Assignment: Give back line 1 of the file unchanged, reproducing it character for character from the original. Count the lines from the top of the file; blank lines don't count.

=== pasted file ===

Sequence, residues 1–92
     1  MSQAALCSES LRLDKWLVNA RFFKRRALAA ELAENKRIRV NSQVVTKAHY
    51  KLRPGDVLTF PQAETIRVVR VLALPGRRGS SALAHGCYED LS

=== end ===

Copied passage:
Sequence, residues 1–92